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Elaine Kennedy, 42, Fights PCT’s Attempt To Put Her In Nursing Home Because Of MS

December 20, 2012

Readers, I’ve heard lots of terrible stories of the cuts ‘getting personal’ over the last few years. This one is one of the worst. I am a disabled young adult and if I was in this situation, I would have exactly the same feelings that Mrs Kennedy has.

I have known for years that councils and PCTs rarely think of the social needs of disabled people in their care. I wish, however, that they could realise that quite apart from her very natural feelings of not wanting to leave her daughter, Mrs Kennedy would probably be the youngest person at any nursing home she went to, and would have no one to properly socialise with.

She deserves to stay in her own home, with the daughter she clearly loves. She is a person like anyone else who does not deserve to be taken to a place where she would be lonely and, quite frankly, bored, simply to save money.

A 42-year-old MS sufferer has said she is shocked at attempts by her health trust to put her into a nursing home.

Elaine Kennedy needs a significant amount of care in her home, but the agency that provides it says they can no longer do it.

Until last week the Bluebird Care agency – based in Coleraine – supplied carers four times a day.

When Elaine tried to get the time they spent with her increased they cancelled altogether.

Elaine said the Northern Health Trust – which has overall responsibility for her care – then suggested she go into a nursing home.

“I’m just too young to go into a care home. My illness doesn’t dictate that I’m at that stage – and even if it’s just temporary we’re so close to Christmas and I have my children at home. How can I leave them? I just don’t want to be in a nursing facility,” she said.

Elaine Kennedy was diagnosed with MS in 2004 and unfortunately her condition has deteriorated leaving her in a wheelchair.

Her 18-year-old daughter lives with her in their rented bungalow – and any move to a nursing home would also leave her daughter homeless.

“They’re saying they have no care. The interim care for the past few days was a nursing facility which can’t continue,” she said.

“They are looking to provide a tea time call for tonight but, I may have to go to bed when they call because they don’t know if they have anyone on Wednesday or from tomorrow morning onwards – they can’t tell me that yet.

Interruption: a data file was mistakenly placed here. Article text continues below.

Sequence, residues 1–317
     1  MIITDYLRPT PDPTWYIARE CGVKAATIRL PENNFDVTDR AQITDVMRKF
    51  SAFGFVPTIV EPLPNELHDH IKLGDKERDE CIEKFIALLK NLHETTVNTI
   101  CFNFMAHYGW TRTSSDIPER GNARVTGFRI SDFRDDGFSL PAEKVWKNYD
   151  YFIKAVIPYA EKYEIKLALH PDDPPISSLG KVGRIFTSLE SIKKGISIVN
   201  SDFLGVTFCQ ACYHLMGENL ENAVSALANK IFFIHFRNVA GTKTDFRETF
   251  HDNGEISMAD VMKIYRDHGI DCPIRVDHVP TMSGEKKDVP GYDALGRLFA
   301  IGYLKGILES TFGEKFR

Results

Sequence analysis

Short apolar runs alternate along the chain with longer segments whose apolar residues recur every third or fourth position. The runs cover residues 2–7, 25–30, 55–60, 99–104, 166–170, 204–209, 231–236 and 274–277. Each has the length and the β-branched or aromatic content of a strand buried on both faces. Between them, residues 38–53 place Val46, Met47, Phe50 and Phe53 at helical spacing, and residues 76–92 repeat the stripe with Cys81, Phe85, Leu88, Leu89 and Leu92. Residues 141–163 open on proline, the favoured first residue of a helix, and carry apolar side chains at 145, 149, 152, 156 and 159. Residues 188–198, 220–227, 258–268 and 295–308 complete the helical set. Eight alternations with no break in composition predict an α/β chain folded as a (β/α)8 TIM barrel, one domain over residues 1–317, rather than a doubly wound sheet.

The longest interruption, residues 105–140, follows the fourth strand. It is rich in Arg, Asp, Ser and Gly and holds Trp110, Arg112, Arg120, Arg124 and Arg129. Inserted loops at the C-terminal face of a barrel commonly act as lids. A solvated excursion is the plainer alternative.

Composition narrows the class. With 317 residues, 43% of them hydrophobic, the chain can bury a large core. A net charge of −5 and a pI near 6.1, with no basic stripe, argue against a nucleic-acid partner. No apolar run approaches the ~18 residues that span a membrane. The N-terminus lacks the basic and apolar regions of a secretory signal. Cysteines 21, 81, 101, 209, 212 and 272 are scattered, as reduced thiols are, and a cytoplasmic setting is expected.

“They’re continuing to look but they’ve been looking for three weeks.

“I feel stranded and stressed, the toll it’s taking.”

The BBC contacted the Bluebird Agency but it said it had no comment to make.

Care package

We also asked the Northern Health Trust for a statement.

“Mrs Kennedy has an extensive and wide ranging package of care in place. A range of care agencies have provided care to Mrs Kennedy over the last eight years unfortunately some of these arrangements have broken down and the care providers have withdrawn,” the statement said.

“Most recently this has affected the final evening call. We understand Mrs Kennedy does not consider the overall package acceptable. We will continue to work with Mrs Kennedy to provide a necessary level of support and care.”

Mrs Kennedy’s mother Helen Sloan said the stress is putting enormous pressure on the rest of the family – in particular 18-year-old Lucy.

“She gets a lot of it now, especially since her brother is at university. She’s at college and she’s trying to hold down a part-time job, but I find that very often Lucy will have to go to bed in tears. She talks to me about things and she asks ‘what’s going to happen to Mummy’ and that’s just unfair.”

Elaine is angry that it has come this.

“The health minister is proposing transforming care for people in their own homes, to allow people to remain at home for longer. And for people with long-term illnesses – not to have to go into care homes,” she said.

“But the care is not available on the ground to support that. And yet the trust mission statement is to provide the quality of care for everyone that they would expect for their own families and I feel very let down that I’m not receiving that care.”

4 Comments leave one →
  1. December 20, 2012 1:58 am

    The Re-Institutionalisng of the Disabled, We all Know What Happened Then, How Could We Forget Its Still Happening Today In Nursing/Care/Residential Homes Every Day.


  2. December 20, 2012 9:42 am

    Workhouse more like that’s their aim run by Serco


  3. December 20, 2012 10:19 am

    I had to take my local authority to court to get enough care (the care agency withdrew care at short notice with me too). It was a hideous battle but worth it. Really happy to talk to Elaine about it if that would be useful @jan_sutton


  4. samantha permalink
    January 22, 2013 10:32 pm

    There are two sides to every story, did you ever think that the media only published this side to make the health service look bad as usual? Did the media leave out the part that this lady has been offered a number of services i.e direct payments that will give her around the clock care in her own home, all she has to do is get someone out her family to lift money out of the bank that the (trust pays in) and hand it to the carer? but she refuses it all…or the bit where bluebird pulled out because she was treating the carers like maids instead of carers i.e wanting them to dish her dinner out on silverwear, that she was rude to the staff instead of respectful, or the fact that this woman has a personality disorder and none of her family to look after her?


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